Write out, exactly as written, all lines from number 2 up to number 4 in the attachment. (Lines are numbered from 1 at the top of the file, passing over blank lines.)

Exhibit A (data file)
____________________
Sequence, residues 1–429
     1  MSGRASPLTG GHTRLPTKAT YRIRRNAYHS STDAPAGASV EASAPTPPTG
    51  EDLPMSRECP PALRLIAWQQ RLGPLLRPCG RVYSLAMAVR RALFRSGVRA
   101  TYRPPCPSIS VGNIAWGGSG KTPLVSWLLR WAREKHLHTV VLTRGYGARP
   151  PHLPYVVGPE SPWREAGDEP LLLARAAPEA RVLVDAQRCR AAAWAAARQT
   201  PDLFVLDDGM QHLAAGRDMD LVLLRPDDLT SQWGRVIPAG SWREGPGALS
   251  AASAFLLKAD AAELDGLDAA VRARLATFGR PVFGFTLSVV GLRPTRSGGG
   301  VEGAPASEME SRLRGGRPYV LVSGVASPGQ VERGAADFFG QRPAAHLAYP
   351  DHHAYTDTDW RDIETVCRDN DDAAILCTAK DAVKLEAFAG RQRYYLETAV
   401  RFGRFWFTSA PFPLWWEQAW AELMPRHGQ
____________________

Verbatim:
     1  MSGRASPLTG GHTRLPTKAT YRIRRNAYHS STDAPAGASV EASAPTPPTG
    51  EDLPMSRECP PALRLIAWQQ RLGPLLRPCG RVYSLAMAVR RALFRSGVRA
   101  TYRPPCPSIS VGNIAWGGSG KTPLVSWLLR WAREKHLHTV VLTRGYGARP